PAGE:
If there is one thing that I both appreciated for me personally and wanted to take with me into practice professionally from my time at uni, it was something that my favourite tutor did. She had a very specific way of saying “Ok”. Not every time she said it and not on all occasions, but this special way of saying that tiny word taught me so much about pastoral care and ministry.
I can’t quite explain the way it was said and I don’t think I would have picked up on it from a professional point of view, had I not experienced it first hand as someone who required a fair bit of looking after during my three years studying. But when she said “Ok” in that special way she, in spite of saying only two syllables, was actually saying so much more.
She was saying: I see you in your mess, I see your pain, I’m not shocked by what you’re saying, we can handle what’s going on, there is a way out and things will be ok in some way or another. So much crammed into that one little word.
The reason that I’ve been thinking about that “Ok” (and can hear it perfectly in my head in spite of having not actually heard it in almost 4 years (Gosh!)) is because I’ve been reflecting on that element of pastoral care recently. That ability to say so much by saying quite little, the art of making your meaning known when perhaps not needing to say it explicitly and having big enough hands to hold what people need you to.
A big part of my roles as an assistant chaplain and a parish intern is watching what my bosses are doing and learning from it. And because I’m lucky to be blessed with two very good bosses who take the time to reflect on the things I’m learning with me, this is something we’ve been talking about recently. One of them says that what makes them a good minister is their ability to listen to people without feeling the need to fix everything. That may sound harsh, but so very often effective pastoral care is not actually in the fixing of people’s problems, but holding people’s pain or confusion as they work out what to do about the problem themselves.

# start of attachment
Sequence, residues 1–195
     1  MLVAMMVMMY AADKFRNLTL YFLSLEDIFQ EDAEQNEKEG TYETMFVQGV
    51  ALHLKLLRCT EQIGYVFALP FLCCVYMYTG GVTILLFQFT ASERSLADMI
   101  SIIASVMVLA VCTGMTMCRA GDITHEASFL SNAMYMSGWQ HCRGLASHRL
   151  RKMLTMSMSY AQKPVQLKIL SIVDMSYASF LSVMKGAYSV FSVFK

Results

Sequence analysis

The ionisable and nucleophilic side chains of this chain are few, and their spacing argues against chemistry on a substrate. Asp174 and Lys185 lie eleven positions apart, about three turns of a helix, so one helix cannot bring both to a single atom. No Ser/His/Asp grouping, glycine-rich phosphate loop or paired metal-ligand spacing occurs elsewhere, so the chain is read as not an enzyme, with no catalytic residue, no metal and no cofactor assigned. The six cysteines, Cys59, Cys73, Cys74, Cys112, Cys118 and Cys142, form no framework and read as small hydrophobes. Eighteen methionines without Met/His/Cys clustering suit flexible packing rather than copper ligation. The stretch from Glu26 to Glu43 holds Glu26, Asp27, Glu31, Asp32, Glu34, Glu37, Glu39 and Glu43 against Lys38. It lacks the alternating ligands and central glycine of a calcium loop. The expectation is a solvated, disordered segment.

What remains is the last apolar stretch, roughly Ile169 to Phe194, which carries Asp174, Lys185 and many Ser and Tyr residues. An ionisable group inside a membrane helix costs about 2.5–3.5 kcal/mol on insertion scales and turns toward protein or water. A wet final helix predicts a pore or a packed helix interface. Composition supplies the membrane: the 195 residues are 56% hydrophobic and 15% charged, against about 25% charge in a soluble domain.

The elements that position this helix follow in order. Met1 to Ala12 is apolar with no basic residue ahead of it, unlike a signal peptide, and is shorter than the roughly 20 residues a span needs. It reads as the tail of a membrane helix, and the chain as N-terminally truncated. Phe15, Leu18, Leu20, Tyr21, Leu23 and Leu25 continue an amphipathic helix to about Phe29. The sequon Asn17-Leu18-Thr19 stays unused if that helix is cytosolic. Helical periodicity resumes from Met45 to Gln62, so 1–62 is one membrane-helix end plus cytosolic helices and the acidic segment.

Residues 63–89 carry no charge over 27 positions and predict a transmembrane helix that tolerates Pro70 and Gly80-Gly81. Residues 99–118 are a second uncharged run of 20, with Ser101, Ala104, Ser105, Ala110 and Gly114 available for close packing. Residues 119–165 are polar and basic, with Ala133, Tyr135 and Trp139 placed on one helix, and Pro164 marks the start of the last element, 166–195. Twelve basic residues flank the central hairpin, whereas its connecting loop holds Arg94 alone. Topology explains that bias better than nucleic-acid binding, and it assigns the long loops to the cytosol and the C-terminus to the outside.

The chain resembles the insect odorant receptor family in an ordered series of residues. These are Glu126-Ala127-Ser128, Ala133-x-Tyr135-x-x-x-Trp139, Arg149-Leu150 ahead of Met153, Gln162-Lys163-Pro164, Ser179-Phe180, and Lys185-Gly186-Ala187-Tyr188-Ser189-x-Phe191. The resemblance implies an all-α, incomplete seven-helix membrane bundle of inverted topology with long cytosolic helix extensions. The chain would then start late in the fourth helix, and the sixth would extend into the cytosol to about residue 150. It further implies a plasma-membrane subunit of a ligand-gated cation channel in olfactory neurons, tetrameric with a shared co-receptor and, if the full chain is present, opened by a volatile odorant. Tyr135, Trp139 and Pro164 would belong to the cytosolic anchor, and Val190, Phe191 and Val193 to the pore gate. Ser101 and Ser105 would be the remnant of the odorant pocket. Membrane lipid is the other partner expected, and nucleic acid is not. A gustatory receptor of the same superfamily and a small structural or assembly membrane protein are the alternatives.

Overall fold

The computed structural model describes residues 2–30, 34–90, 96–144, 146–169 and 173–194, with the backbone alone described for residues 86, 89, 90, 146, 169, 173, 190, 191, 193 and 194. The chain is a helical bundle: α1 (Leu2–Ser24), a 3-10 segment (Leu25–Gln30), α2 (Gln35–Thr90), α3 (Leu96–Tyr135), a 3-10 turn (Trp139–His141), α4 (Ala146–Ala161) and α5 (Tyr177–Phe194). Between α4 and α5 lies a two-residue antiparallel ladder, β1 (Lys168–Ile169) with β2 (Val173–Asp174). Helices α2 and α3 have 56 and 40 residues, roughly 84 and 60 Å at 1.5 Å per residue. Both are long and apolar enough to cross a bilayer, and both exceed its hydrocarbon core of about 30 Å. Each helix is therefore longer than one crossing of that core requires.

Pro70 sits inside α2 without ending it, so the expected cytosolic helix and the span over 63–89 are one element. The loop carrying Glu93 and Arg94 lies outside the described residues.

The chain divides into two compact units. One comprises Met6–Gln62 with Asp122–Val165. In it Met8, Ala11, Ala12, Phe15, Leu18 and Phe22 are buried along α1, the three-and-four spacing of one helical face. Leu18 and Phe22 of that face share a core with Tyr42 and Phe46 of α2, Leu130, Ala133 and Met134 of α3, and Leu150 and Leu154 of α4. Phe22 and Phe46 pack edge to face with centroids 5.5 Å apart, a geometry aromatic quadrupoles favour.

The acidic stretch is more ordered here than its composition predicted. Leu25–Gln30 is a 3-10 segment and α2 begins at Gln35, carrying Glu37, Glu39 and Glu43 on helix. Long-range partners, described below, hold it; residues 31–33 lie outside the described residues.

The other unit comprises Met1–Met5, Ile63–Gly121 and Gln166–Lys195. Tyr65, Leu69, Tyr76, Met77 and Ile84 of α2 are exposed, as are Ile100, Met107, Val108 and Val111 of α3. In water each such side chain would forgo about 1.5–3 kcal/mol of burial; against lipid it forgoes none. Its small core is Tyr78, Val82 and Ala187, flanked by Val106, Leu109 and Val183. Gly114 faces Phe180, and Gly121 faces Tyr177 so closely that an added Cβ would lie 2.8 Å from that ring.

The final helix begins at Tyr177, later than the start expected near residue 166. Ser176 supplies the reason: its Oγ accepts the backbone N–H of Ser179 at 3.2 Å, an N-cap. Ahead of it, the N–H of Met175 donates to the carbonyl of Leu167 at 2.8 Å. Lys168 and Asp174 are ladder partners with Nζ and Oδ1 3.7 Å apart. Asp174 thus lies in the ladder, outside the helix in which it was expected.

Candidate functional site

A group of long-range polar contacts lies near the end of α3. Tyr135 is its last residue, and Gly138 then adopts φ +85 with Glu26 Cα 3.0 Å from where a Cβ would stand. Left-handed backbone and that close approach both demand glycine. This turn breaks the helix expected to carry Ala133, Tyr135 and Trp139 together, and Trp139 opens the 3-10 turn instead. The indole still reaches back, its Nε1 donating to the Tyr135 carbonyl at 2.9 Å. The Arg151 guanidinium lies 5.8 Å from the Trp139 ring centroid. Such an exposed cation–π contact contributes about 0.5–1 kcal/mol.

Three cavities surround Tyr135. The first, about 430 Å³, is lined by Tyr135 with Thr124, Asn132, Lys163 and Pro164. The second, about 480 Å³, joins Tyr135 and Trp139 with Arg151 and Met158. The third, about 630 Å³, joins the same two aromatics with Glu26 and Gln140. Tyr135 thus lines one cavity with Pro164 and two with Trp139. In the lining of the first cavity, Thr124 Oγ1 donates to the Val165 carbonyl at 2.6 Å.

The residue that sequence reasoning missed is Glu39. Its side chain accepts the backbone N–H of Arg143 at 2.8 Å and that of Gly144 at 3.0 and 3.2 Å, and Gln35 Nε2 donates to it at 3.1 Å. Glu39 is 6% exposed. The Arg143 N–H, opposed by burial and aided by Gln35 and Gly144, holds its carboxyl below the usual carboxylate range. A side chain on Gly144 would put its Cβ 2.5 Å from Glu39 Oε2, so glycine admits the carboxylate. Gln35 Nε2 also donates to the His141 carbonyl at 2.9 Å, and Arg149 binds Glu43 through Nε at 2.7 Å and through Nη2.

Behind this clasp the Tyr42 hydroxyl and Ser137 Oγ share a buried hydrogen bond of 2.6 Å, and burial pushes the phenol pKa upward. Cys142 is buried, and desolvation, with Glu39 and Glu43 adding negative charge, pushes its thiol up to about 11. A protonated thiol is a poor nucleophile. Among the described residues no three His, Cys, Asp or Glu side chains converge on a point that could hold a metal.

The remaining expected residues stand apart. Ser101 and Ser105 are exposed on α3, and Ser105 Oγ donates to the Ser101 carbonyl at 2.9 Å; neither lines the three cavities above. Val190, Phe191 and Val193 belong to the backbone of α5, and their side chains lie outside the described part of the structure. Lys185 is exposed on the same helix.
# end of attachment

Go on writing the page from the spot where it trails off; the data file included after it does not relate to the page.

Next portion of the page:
That’s where the big hands come in. In ministry I believe you need to have hands that are always open and ready and spread wide enough to catch and hold the biggest of messes. Hands that aren’t itching to put the mess down to try and fix and tidy it up. Hands that will hold, not shocked by the pain or put off by the mess. Just open, steady hands.
I don’t know if you watch ‘Call the Midwife’ (Babies, nuns and plenty of storyline to make you weep… what’s not to love?!), but it is one my favourite programmes and is often full to the brim with some beautiful little chunks of profundity and theology. On Sunday in the first episode of this new series, a baby, Susan, was born with some significant deformities. The episode looked at how the medical staff in the 60s handled births like this and how it was still so difficult to be born in the 60s if you were different mentally or physically. But the scene that got me both weeping and itching to write this week, was the scene where Susan’s mum meets and holds her daughter for the first time. She holds this tiny little bundle in her arms and slowly unwraps Susan’s blanket, taking in her missing limbs for the first time. Through tears she says to her tiny daughter “Oh my love… what a mess… it’s ok, we’ll sort something.” A response so different to Susan’s dad’s initial fear and anger.
What do my tutor’s “Ok” and Susan’s mum’s “Oh my love” have in common? They both accept the situation for the pain and the mess that is real. It’s not belittling things and pretending it’s not happening, sweeping the hurt under the carpet. But rather identifying what is wrong and being able to hold all the pain and hurt in one fell swoop of some carefully chosen words. Not expecting that you will be able to fix everything, focussing on finding the solution. But rather focussing on the hurting person and holding them steadily in that place with your words.
As I continue to reflect on this, it is teaching me so much about ministering to people and caring for them pastorally as this points to and shows us such a model of the way God graciously deals with us.
In our sin and shame we must seem like this sorry, messy little lump of pain and hurt to God, and as much as our sin hurts him he doesn’t sweep over it like it’s not there. But there is also no judgement or shock there either. There are simply words of grace, words of forgiveness, words of love and ultimately hands big enough to hold us together as we make sense of what to do next.
There isn’t really a hugely profound point I want to make this evening, I’m simply writing to make sense of what it is that I am still learning about and thinking through. Reflecting on how an experience of life in the past and life now have come together with something in the media to open my eyes anew to something of God, as is so often the case!
But perhaps you need to hear those words today, for your situation at the moment. Perhaps life is a right old mess and you don’t really know what to do. Today, I would pray that you hear those words from God, or a friend (or both!). That you would hear that “Ok” and know that they see you, they see the pain and hurt and that they have hands big and steady enough to hold you in that moment.